The campaign consists of 3 scenarios; it is a mix of B&D, FF and RPG. The events take place in France and follow the early life of Richard son of King Henry II of England and Eleanor of Aquitaine, later known as Richard I, the Lionhearted. The story is a mix of historical events and fiction.
PLAYABILITY: I like the campaign, primarily for its theme, even though it is not historically accurate. The playability is hardly average due to some easy to fix issues. In 'Defense of Aquitaine', a B&D, bandits attack during your build up, mostly one by one, different locations on hard, but you can convert many at your gate, save resources for an army. Later there is no challenge razing the nobles' castle from outside the north wall as the enemy did not build up missing a lumber camp. Their villagers have a long walk around the walls to chop wood, did only 1369 wood when I gave them plenty of time (player 1, 13'891 wood) and never started farming, 0 food collected on hard difficulty. 'The rebellion', a FF has a good start, later you destroy a gate against little resistance and again your main enemy did not build up, all enemy units, military and villagers, gather in the west walled corner. You can enter the town from the east and free Eleanor without a fight or first massacre the enemy units with your long-bowmen over the walls, the gates are locked. In 'The heir to Henry II', a mix of RPG and FF, you can skip the first skirmishes, the trees do not block and the villager's help not needed. When I met the man with the boat I had to take an uneventful travel across the whole map locating a gold mine I did before, again trees do not block as intended. 3-
BALANCE: I played the campaign on hard and it was too easy. The first scenario seems to be difficulty level dynamic, not sure if it works as intended as you receive messages for all levels on hard. There was no challenge due to bugs referred to under playability; I had the only reload at the start of the second scenario. 2-
CREATIVITY: All aspects factor into creativity, the side quests, the wise man, the in game, between the scenarios developing story in form of a journal and the history section were creative. 3+
MAP DESIGN: The maps are just random map quality, but no elevations apart from cliffs. In addition, the first and second scenario uses the same map which is not bad by itself, there are good and bad reuses of maps at the blacksmith; here they fall in the later category. The enemies and the wise man are at the same locations, no exploring necessary and the walls are square. 2+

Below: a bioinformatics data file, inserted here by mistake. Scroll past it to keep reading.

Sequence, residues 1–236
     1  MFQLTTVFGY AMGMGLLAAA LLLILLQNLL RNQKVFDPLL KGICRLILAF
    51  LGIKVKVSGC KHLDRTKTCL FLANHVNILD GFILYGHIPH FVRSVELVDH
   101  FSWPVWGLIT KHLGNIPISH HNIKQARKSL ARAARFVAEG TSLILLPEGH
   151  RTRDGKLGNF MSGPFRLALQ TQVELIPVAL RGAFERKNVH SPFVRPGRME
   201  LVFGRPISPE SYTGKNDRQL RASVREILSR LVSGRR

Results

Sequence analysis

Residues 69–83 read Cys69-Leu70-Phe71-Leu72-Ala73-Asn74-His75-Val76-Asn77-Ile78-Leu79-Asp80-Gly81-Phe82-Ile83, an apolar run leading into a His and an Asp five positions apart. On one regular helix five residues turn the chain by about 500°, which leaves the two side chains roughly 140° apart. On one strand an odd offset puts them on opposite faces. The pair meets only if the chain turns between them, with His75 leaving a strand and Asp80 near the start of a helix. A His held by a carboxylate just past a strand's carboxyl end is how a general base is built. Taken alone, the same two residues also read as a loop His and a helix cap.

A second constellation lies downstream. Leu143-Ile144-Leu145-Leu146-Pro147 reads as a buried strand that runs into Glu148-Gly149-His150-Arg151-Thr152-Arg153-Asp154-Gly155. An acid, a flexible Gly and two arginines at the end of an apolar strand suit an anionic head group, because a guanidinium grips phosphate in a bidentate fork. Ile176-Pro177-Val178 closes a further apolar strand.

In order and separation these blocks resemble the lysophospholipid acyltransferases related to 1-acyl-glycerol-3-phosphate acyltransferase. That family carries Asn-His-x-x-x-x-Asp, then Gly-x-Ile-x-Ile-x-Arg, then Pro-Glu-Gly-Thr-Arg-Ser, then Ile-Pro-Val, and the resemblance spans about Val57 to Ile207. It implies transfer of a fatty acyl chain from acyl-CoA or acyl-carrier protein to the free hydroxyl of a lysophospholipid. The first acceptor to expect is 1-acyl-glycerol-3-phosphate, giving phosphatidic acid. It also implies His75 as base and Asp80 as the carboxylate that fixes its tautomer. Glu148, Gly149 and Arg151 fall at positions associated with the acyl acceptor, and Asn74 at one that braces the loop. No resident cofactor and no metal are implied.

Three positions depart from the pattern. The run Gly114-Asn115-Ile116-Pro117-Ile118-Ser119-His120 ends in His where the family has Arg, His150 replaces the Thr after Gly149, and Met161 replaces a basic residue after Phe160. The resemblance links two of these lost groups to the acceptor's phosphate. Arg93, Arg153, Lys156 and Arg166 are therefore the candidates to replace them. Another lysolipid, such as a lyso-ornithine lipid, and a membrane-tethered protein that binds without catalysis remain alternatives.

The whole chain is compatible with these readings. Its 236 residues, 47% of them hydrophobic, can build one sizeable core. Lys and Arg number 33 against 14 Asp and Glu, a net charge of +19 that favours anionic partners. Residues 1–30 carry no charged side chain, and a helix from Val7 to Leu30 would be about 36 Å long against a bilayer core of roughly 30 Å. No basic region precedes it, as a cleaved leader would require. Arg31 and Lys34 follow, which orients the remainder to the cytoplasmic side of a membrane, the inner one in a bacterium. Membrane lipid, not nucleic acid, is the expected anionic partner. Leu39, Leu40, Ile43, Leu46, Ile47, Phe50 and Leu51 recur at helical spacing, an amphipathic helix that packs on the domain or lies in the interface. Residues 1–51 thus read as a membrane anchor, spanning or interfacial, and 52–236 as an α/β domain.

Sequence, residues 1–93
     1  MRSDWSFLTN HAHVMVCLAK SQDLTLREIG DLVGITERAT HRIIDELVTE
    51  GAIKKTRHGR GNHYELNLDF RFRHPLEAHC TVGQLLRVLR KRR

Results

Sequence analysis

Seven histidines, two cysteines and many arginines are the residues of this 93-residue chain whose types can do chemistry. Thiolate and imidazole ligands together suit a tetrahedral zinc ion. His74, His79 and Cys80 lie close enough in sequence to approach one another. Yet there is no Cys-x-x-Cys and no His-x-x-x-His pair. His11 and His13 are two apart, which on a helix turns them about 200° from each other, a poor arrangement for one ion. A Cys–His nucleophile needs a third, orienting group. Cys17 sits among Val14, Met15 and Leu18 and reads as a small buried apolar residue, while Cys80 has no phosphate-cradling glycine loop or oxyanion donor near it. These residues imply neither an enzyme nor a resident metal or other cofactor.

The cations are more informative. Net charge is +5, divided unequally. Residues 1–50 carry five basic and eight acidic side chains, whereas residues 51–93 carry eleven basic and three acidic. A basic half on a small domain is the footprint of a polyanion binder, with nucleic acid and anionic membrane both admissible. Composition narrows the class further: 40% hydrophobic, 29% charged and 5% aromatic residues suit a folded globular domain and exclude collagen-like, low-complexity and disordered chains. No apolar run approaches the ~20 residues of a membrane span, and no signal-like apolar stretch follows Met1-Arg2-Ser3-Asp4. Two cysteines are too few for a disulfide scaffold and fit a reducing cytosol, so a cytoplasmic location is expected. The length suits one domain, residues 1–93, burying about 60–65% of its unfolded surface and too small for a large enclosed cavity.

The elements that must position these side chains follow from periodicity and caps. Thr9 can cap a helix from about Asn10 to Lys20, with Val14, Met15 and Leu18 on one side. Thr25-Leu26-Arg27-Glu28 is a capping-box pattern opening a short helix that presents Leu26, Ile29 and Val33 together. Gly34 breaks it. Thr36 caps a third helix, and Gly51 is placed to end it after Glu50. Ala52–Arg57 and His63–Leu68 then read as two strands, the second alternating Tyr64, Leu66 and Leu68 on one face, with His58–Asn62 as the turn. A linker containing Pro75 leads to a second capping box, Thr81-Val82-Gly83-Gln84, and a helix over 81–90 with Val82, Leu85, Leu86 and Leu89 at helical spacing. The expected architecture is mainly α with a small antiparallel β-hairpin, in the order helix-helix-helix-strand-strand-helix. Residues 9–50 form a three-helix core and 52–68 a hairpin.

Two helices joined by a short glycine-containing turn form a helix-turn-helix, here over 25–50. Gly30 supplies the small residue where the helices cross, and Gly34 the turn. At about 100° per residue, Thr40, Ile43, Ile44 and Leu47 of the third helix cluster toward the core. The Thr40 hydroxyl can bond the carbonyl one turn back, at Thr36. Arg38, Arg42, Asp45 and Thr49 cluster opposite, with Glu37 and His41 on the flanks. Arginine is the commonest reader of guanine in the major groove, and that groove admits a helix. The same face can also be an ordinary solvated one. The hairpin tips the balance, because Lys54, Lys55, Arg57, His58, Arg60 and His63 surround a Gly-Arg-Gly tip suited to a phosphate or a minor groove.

STORY/INSTRUCTIONS: The campaign has clear objectives, hints, a history section and an in game and during the scenarios developing story in form of a journal which was well made. The campaign's portrayed events are too fictitious for a historical campaign. 4
OVERALL: A campaign with a lack of play testing.
SUGGESTIONS: First scenario, disenable the monastery for player 1, place a lumber camp for the nobles at the forest and a gate in the northern wall. Second scenario, trigger 0 effect 7 tasks all player 3 units to the barracks of your starting position; it should be the Teutonic Knights only, set the objects or area. Third scenario, complete the tree-line in front of your starting position and the gold mine, to make them impassable. Trigger 4 effect 2 tasks a villager to chop a TD tree, to clear the path, but three effects, 0, 1 and 5 of the same trigger remove the villager and the tree. When you fix make sure to first deactivate trigger 2 and then task the villager to chop wood. Fix the bugs and I will edit my review.
OBSERVATIONS: Richard the Lionhearted-Early life v1.0 was Mk101's entry for the Historical Campaign Contest 2005 at AoKH.
It was Henry II who intercepted his wife when she wanted to join her three sons in the rebellion of 1173-1174 and put her into prison, not her son Henry the young king and she stayed in prison for at least 10 years. Primarily it was young Henry's rebellion quite peculiar to give him the role of a traitor in the campaign. The reasons for the rebellion, Henry II gave titles to his sons but kept the power, reigned himself, and the civil war begun when Henry II wanted to give Anjou to his youngest son John because Henry the young king considered all what his father had as his heritage, England, the Normandy and Anjou. Richard was the heir of his mother Eleanor for Aquitaine, while Geoffrey was engaged with the heritress of the Bretagne. Henry the young king (he was not Henry III that was his nephew, John's son) teamed up with William I of Scotland, English nobles and Louis VII of France where his brothers joined him at his court. Louis VII was the ex-husband of Eleanor and father of young Henry's wife. The rebellion included Scotland, England and France and Henry II was victorious in every battle. Young Henry was not a traitor to his brother, he simply realized that he could not win against his father and he and Geoffrey made peace with him before stubborn Richard did. In 1183 Richard refused to honor young Henry, swear an oath on a relic as Henry II wanted. Richard left for Aquitaine and Henry II proposed to his other sons to attack him in Aquitaine. Later Henry II sided with Richard to save him and they defeated together Geoffrey, young Henry and John. After young Henry's death Richard became heir to the throne and Henry II thought again that it was time for John to get some land, this time Aquitaine. Richard went to war against his father, defeated him and John was without land until he followed Richard on the throne, hence the name John Lackland.